Rachel Marks closed out the market talks by focusing on the importance of industrial warehouses in Greater Boston as consumer expectations of convenience continue to grow, and people are comfortable buying more online. The changing habits of consumers force omni-channel distributors to deliver product quickly and inexpensively, which means they now need to occupy space close to large population centers like Boston. Other demand drivers in the industrial market include breweries, marijuana cultivators, biopharma manufacturing, technology and medical devices. With all this demand, there is currently a major shortage of quality industrial supply in New England.
Visit the CBRE/New England Vimeo page for videos from the event. Stay tuned for our next post, where we will reveal what our Hartford experts covered at this year’s CBRE/NE Hartford Market Overview.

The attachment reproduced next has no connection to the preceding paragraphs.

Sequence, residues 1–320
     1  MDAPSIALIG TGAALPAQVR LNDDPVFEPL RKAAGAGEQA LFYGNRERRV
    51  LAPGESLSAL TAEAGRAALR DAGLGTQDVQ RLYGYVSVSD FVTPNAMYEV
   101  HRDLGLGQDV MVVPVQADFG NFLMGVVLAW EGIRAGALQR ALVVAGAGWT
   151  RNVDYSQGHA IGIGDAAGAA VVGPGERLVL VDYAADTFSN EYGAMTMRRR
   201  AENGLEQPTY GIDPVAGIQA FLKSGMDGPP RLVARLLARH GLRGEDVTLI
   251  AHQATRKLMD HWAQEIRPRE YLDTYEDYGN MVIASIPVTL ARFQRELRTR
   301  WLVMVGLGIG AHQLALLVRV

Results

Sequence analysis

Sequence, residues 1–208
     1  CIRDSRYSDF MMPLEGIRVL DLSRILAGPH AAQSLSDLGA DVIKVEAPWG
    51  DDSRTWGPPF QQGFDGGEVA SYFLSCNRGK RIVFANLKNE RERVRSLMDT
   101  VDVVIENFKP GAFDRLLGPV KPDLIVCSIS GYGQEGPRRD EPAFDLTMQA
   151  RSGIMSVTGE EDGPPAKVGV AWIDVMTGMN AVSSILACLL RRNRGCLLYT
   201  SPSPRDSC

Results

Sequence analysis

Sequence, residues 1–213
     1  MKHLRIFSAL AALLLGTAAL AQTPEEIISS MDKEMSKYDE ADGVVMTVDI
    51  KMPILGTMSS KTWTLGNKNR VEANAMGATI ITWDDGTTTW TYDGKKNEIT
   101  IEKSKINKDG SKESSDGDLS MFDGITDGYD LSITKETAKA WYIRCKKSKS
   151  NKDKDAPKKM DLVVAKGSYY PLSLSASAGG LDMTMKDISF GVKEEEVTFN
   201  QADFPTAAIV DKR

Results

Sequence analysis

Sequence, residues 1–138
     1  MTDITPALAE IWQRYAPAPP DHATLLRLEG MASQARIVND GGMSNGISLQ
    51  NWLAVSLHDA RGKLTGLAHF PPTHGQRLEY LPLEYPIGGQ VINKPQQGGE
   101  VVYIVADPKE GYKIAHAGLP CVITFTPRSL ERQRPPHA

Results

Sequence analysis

Short on time? Here are the highlights of our third quarter Suburban Office MarketView. To request the full report, fill out the form at the bottom of this post.
The Suburban Office market experienced a slow Q3 2017, recording 685,640 sq. ft. of negative absorption. A number of large blocks of space were returned throughout the market, primarily driven by relocations and added sublease space in the Route 128 West submarket. Fundamentals remain healthy despite these new vacancies, as demand remains steady and there are several large active requirements throughout the market.
Overall, availability and vacancy increased 30 basis points (bps) and 20 bps quarter-over-quarter to 21.3% and 19.0%, respectively, a direct result of the considerable added inventory.